• RISING: Trigger when the pin transitions from LOW to HIGH (on Rising Edge).
    • FALLING: Trigger when the pin transitions from HIGH to LOW (on Falling Edge).
    • CHANGE: Trigger on any change in the pin's state (on Both Edge).
    • HIGH: Trigger when the pin is HIGH (on Level High).
    • LOW: Trigger when the pin is LOW (on Level Low).

    Define the ISR function: Write the interrupt service routine that will execute when the interrupt is triggered.

    The Interrupt Service Routine (ISR) is a function that is invoked every time an interrupt occurs on the GPIO pin. Its syntax looks like below.

    void IRAM_ATTR ISR_function() { Statements; }

    Let's dive into a practical example of using interrupts with an ESP32's GPIO pin connected to a button.

Wiring Diagram

ESP32 Button Wiring Diagram

This image is created using Fritzing. Click to enlarge image

If you're unfamiliar with how to supply power to the ESP32 and other components, you can find guidance in the following tutorial: How to Power ESP32.

ESP32 Interrupts Code

#define BUTTON_PIN 21 // The ESP32 pin GPIO21 connected to the button void IRAM_ATTR handleButtonPress(); void setup() { Serial.begin(9600); // Initialize the GPIO pin as an input pinMode(BUTTON_PIN, INPUT_PULLUP); // Attach interrupt to the GPIO pin attachInterrupt(digitalPinToInterrupt(BUTTON_PIN), handleButtonPress, FALLING); } void loop() { // Main code here } // Interrupt Service Routine (ISR) void IRAM_ATTR handleButtonPress() { Serial.println("Button pressed!"); }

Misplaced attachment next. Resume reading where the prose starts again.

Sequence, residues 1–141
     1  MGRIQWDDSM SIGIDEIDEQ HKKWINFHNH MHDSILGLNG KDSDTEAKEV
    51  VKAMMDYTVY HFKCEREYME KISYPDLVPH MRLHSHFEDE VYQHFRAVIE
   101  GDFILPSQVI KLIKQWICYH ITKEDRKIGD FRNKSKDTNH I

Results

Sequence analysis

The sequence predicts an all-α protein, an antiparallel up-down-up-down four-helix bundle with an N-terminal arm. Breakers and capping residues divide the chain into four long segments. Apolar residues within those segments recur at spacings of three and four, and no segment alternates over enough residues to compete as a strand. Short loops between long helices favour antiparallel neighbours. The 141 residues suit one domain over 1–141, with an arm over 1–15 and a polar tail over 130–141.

In this example:

  • The BUTTON_PIN is defined as GPIO21.
  • The pinMode() function sets the GPIO pin as an input with an internal pull-up resistor.
  • The attachInterrupt() function attaches the ISR handleButtonPress to the BUTTON_PIN, configured to trigger on a falling edge.
  • The handleButtonPress function is the ISR that executes when the button is pressed.

The above code demonstrates what interrupt code looks like, but it may not work in practice because it uses the Serial.println() function, which takes longer to process than is allowed in an interrupt service routine.

To test how interrupts work, see the practical code example below: